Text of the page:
The Amish are well-known for their horse-drawn buggies and aversion to modern technology or clothing. But what many people don’t realize about the Amish is that their population is minimally affected by cancer, according to a new study. The study was published in the Cancer Causes and Control journal and showed that cancer rates among these yesteryear people were significantly lower than the cancer rates of the average population.
A study conducted by researchers at Ohio State University’s James Cancer Hospital and Solove Research Institute originally set out to study cancer rates among the Ohio Amish population, thinking results would show an increased occurrence of cancer, due to the community’s overall avoidance of modern medicine. The study instead found that cancer rates were lower, likely due to the lifestyle of the Amish. Because Amish tend to avoid tobacco, alcohol, and processed foods, researchers surmised that this lifestyle contributed to the reduced occurrence of cancer among the population.
Another important aspect of the Amish lifestyle that contrasts significantly to the lifestyle of the average adult is the amount of physical labor the Amish partake in. Building, growing, harvesting, and producing for themselves the various items needed for life, from houses to vegetables, the Amish are physically working every day; they are not stuck inside an office building staring at a screen like most of us. With the rising concern about sedentary lifestyles and its relation to obesity and cancer, it really is no surprise that the Amish community has lower cancer rates.
Not a factor studied by the research group from Ohio, but one that is obviously related, is the fact that the Amish grow all of their own food sources. Everything is natural and no pesticides or artificial fertilizers are used. Cows are not fed GMO-laden grain and their chickens are not pumped full of antibiotics. Their produce is not sprayed with harmful chemicals, nor is any of their food combined with artificial colorings or preservatives.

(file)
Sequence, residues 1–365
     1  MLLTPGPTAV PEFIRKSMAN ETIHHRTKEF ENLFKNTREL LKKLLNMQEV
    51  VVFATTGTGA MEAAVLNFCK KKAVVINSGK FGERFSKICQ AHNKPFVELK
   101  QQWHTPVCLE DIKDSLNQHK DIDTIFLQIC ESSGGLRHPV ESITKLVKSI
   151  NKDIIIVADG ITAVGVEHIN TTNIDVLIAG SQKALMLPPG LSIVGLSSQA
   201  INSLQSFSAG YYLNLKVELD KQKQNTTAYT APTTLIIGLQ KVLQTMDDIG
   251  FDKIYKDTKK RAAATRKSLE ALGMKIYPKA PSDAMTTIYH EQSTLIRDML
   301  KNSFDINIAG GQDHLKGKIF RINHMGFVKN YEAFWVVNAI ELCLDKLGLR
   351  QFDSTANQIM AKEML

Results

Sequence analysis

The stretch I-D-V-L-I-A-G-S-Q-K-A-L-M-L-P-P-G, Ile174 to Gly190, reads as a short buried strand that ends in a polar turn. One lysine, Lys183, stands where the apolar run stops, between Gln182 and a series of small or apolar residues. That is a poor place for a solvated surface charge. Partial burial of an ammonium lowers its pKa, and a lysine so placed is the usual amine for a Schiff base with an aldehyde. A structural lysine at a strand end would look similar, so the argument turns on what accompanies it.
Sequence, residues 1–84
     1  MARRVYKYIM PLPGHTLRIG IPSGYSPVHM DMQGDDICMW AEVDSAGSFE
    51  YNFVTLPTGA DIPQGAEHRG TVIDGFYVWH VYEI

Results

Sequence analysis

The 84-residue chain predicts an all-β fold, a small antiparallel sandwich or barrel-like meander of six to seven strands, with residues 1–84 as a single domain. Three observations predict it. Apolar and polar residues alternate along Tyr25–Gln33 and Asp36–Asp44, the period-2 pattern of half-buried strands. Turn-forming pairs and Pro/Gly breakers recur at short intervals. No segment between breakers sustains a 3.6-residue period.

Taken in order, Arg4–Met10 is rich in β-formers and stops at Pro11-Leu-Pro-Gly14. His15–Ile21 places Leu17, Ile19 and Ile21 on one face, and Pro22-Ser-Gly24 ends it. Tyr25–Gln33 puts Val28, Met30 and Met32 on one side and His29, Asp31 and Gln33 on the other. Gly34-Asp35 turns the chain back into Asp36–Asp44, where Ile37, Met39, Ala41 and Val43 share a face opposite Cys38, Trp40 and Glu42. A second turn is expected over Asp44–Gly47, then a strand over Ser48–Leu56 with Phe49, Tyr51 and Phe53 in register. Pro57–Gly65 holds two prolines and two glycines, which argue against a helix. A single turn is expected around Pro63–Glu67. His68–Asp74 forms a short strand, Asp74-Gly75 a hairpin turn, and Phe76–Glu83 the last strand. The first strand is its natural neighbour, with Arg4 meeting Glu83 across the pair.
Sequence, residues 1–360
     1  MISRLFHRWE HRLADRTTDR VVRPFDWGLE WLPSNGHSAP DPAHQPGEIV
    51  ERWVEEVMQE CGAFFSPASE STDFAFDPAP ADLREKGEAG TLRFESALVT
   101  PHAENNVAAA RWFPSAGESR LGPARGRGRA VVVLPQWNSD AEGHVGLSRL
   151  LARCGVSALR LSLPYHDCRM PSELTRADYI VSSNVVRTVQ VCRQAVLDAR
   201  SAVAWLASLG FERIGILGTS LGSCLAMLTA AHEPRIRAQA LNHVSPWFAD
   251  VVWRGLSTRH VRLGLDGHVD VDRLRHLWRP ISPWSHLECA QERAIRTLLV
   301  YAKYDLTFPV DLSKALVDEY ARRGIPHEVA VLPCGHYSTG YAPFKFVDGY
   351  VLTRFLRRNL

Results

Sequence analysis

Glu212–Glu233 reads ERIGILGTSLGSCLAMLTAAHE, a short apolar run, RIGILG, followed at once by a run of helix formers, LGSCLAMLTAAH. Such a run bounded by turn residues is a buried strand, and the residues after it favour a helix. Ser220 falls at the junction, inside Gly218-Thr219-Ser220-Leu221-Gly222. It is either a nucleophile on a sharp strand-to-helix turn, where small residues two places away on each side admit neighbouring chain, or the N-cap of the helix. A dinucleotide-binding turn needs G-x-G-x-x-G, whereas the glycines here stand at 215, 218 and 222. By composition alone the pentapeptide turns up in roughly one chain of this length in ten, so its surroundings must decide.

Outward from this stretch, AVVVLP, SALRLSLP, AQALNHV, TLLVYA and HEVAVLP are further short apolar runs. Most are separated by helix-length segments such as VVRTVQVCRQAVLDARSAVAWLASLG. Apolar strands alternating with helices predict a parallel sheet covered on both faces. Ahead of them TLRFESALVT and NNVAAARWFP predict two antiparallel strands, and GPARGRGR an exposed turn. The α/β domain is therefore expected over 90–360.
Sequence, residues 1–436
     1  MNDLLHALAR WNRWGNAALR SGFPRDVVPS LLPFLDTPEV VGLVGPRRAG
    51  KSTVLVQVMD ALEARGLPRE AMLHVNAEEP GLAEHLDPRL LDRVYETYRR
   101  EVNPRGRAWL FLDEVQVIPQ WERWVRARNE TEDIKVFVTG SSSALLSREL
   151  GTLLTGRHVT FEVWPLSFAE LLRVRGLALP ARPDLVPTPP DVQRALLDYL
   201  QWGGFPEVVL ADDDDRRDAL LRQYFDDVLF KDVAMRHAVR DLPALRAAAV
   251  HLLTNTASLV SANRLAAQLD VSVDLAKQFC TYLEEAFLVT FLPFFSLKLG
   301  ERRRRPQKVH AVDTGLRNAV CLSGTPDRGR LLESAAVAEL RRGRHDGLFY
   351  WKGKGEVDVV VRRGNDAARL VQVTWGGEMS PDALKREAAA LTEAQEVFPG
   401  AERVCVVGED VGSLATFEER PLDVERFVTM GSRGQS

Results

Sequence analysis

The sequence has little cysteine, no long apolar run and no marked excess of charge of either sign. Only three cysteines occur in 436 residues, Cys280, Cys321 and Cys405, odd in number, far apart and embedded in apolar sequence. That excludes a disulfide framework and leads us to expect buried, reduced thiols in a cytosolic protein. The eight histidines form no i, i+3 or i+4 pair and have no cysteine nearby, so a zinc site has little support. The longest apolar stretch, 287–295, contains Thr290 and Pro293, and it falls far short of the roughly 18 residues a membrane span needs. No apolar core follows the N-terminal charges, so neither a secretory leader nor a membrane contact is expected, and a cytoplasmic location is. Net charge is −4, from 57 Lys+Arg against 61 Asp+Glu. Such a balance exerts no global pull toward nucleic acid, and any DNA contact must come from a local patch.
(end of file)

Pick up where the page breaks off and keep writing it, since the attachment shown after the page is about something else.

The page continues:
It is also interesting to note that the Amish people live a life that is much less defined by stress and deadlines than the hustle-bustle world many of us live in. Taking the findings of this study one step further, one may insinuate that the lack of technology also contributes to the reduced cancer rates. Perhaps we should consider unplugging a little more often and winding down in some other manner, maybe by reading a book or just chatting with our neighbors.
While not entirely conclusive on its own, this study is certainly very interesting. It gives more weight to many of the other hypotheses out there that point to our personal environments (stress, alcohol, the food we eat, lack of exercise, etc.) as the main culprit behind the rise in cancer diagnoses. It may just be time to take a page out of the Amish book and begin living a simpler, healthier lifestyle.